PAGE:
Reasons for Designation
Shrewsbury House is listed at Grade II for the following principal reasons:
- Architectural interest: a handsome and substantial early C20 country house with varied and well-articulated external elevations and interiors in a Jacobean, early C18 and Adam style.
- Materials: constructed of good quality brick and stone.
- Craftsmanship: fine plastered ceilings, good quality joinery including staircase, panelling, doors and wooden or marble fireplaces. Two bathrooms retain decorative ceramic tiles.
- Intactness: an unaltered exterior and the interior is intact except for one plastered ceiling.
- Subsidiary features: the attached pergola, terrace walling, gazebo and boundary walls with cast iron gates and railings survive intact and contribute to the building’s interest;
- Historical interest.
This house is a link to the demolished C18 house of the same name and associated with the Prince Regent and Princess Charlotte and also had a significant local wartime and cold war role as a civil defence control centre.
Shrewsbury House was built in 1923, replacing a house of the same name situated further up the hill to the north-east. The earlier Shrewsbury House had been built in 1789 for the Earl of Shrewsbury, a descendant of Bess of Hardwick.
In 1799 the house and grounds came into the ownership of the Prince Regent, later George IV, and his daughter Princess Charlotte stayed there in that year. Subsequently the house went through a series of private ownerships.
The First Edition 25 inch Ordnance Survey maps for Kent (1864) and London (1869) show Shrewsbury House surrounded by gardens including a pond, conservatory and walled gardens. By the Second Edition map of 1896 (London) and 1897 (Kent) Shrewsbury House had become a convalescent home for children.
In 1908 nine acres of the grounds at the top of Shooters Hill was purchased by the London County Council (LCC) as a public park. By the Third Edition map of 1909 (Kent) and 1916 (London) the property was still in use as a convalescent home for children.
In 1916 Shrewsbury House and the southern part of the grounds was bought by Fred Halse, a former mayor and Deputy Lieutenant of the County of Kent between 1926-1934 and, according to an advertisement in the Kentish Independent of 8 May 1935 for Halse and Sons, an established builder.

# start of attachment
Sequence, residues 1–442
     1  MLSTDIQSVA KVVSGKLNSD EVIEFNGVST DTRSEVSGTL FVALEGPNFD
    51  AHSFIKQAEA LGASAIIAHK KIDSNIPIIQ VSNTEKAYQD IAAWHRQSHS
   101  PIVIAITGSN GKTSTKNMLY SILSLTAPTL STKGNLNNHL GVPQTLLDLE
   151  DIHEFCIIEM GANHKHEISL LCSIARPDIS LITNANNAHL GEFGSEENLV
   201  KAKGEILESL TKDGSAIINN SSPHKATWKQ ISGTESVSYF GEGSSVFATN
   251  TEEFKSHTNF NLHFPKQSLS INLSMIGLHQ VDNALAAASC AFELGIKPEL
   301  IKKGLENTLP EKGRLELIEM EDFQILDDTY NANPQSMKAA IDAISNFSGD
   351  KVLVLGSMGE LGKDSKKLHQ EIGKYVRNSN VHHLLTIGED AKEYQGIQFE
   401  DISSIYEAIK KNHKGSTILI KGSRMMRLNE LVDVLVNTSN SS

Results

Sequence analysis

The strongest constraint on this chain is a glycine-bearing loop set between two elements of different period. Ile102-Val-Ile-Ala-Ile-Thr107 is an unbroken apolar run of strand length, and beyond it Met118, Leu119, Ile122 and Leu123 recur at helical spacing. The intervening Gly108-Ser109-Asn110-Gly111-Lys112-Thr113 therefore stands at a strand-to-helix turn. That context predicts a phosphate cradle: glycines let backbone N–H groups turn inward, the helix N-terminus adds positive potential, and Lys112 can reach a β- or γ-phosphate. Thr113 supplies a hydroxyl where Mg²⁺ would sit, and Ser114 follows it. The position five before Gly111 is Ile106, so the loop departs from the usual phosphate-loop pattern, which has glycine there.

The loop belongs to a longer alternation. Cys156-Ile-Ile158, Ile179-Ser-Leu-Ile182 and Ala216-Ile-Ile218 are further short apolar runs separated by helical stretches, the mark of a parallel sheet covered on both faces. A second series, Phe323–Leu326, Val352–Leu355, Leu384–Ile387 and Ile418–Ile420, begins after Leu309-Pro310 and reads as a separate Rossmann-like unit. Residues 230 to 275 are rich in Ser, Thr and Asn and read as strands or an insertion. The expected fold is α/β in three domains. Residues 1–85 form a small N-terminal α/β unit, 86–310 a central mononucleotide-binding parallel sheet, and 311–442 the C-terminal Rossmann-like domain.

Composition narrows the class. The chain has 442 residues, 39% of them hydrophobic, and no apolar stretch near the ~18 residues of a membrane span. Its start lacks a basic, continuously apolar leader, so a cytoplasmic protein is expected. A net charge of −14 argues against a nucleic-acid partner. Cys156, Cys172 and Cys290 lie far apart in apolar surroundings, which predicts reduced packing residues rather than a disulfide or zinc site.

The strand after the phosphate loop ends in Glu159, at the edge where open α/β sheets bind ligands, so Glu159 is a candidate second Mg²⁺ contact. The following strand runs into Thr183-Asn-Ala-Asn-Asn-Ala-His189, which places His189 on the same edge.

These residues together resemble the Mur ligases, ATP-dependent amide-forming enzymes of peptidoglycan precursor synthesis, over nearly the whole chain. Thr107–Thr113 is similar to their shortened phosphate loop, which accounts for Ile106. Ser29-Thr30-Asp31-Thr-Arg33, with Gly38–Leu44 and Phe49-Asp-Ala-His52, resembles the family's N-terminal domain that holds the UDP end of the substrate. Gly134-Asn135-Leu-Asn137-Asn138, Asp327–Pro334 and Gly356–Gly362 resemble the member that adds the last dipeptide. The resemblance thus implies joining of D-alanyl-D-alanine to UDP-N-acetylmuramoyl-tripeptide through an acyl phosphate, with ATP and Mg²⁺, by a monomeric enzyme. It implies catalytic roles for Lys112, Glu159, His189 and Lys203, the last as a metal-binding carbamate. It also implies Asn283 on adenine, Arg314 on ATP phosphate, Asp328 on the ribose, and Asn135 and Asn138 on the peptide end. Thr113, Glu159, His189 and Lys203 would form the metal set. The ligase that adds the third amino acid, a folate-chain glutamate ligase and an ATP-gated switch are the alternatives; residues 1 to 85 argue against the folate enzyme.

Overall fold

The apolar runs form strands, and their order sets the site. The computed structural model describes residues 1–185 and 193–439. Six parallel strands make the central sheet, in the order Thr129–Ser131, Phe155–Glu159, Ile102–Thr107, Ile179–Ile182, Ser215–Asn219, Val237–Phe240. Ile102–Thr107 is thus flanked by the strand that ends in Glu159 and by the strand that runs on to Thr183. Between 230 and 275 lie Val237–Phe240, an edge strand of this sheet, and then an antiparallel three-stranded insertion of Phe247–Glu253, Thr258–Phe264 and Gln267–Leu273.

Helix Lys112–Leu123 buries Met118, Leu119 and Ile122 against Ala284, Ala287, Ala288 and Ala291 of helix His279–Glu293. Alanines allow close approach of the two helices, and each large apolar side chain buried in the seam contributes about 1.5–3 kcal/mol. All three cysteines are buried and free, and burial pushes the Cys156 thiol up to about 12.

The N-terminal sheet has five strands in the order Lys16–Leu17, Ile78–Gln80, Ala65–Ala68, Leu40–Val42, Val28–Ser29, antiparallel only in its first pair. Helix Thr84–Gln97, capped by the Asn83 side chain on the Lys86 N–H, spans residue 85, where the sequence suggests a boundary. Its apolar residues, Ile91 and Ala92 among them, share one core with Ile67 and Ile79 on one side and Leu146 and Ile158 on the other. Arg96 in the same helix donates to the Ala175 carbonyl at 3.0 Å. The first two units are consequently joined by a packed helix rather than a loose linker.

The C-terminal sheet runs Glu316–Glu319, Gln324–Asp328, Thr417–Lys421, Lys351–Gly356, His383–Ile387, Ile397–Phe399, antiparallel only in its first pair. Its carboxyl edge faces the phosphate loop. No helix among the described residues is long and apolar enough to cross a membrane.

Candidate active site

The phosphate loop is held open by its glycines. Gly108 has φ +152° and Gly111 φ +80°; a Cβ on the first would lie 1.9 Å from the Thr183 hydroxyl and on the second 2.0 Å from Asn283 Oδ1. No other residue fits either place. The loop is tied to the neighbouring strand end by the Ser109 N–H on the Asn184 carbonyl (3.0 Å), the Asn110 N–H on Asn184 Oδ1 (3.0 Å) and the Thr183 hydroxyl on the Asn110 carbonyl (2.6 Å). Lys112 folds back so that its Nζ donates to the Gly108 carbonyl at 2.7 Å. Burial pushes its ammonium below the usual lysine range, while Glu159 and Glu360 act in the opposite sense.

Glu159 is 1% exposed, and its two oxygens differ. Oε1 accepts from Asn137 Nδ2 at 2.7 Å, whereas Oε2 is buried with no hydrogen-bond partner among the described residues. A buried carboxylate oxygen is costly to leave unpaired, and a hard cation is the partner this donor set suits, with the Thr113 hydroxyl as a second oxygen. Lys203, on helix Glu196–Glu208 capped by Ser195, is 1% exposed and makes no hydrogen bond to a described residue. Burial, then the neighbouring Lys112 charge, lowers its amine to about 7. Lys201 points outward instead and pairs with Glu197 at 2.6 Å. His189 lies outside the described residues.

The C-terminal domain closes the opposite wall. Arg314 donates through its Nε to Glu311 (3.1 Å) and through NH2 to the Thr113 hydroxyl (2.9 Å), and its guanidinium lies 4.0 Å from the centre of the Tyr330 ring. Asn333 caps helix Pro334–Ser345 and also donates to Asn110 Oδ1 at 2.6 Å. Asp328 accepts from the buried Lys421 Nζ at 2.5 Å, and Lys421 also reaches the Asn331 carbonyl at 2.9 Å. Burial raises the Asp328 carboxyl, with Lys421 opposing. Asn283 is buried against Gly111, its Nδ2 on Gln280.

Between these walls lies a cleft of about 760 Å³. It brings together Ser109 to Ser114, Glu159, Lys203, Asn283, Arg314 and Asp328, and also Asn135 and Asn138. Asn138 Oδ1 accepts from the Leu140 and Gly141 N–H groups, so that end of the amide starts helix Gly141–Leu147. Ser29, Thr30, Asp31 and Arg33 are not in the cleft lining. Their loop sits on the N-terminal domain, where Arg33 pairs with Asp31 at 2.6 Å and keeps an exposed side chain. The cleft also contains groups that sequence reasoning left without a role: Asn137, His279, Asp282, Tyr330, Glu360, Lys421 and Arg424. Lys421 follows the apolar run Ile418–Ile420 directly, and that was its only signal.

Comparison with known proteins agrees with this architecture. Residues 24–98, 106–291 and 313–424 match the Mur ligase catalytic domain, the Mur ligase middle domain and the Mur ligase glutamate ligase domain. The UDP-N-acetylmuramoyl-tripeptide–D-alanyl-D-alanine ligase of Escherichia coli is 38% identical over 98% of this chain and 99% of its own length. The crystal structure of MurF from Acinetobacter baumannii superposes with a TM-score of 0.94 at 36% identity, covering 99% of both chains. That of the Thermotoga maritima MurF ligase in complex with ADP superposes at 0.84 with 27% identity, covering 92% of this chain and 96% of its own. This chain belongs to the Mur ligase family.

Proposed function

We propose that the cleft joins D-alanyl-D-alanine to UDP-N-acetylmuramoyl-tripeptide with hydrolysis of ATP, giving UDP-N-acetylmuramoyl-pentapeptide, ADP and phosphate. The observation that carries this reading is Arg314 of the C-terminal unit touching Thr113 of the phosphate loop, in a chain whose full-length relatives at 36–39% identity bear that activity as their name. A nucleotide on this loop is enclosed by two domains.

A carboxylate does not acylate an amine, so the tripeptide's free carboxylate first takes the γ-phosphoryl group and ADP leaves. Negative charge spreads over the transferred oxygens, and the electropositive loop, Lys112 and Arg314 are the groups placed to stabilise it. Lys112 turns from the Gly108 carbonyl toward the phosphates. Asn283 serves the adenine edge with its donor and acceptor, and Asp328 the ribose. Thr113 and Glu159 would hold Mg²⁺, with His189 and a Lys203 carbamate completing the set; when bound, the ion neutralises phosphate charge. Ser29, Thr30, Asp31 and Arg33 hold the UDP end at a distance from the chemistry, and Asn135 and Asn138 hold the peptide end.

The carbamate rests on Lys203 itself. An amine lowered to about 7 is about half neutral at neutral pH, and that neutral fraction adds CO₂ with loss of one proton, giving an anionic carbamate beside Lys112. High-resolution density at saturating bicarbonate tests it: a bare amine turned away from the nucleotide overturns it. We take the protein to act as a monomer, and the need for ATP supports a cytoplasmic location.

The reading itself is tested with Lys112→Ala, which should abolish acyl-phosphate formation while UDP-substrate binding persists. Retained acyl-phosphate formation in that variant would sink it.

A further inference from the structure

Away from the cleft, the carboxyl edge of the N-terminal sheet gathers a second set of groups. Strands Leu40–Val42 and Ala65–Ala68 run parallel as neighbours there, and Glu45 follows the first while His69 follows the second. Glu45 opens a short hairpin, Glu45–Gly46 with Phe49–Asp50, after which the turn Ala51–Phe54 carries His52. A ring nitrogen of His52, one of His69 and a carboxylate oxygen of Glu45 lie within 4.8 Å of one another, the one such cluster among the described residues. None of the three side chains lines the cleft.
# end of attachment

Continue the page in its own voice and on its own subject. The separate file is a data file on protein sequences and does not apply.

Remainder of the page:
In 1923 Fred Halse demolished the old Shrewsbury House and built a large house to the south-west on the southern part of the grounds for his own occupation. On 19 April 1930 ‘The London Gazette’ reported the firm of Douglass Halse and Co. Ltd. going into voluntary liquidation.
In 1933 Shrewsbury House and an acre of gardens were sold to Woolwich Council for £9000 for a library and museum, although the museum was never realised. The remaining part of the grounds was developed as a Laing estate of suburban houses between 1935-39.
Strangely the Fourth Edition 6 inch Ordnance Survey map of 1938 does not include Shrewsbury House even though the surrounding suburban houses of the Laing estate are shown.
The house was used as a Civil Defence Control Centre during the Second World War and into the Cold War until 1968. Shrewsbury House is currently (2012) in use as a community centre.
The house is mainly constructed of red brick in stretcher bond with stone dressings and porticos and has a hipped roof with projecting wooden modillion cornice and three tall moulded brick chimney stacks with round-headed panels.
Windows are mainly wooden multi-pane mullioned and transomed casements with rubbed brick voussoirs.
This is a symmetrical house of two storeys and attics aligned north-east to south-west with a single-storey south-east service end.
The north-west or entrance front is of eleven-bays, the central five-bays recessed and the end three-bays on each side projecting. The five central bays have three hipped dormers, five casement windows to the first floor, taller casement windows on the ground floor and a central door case with round-headed fanlight and double doors.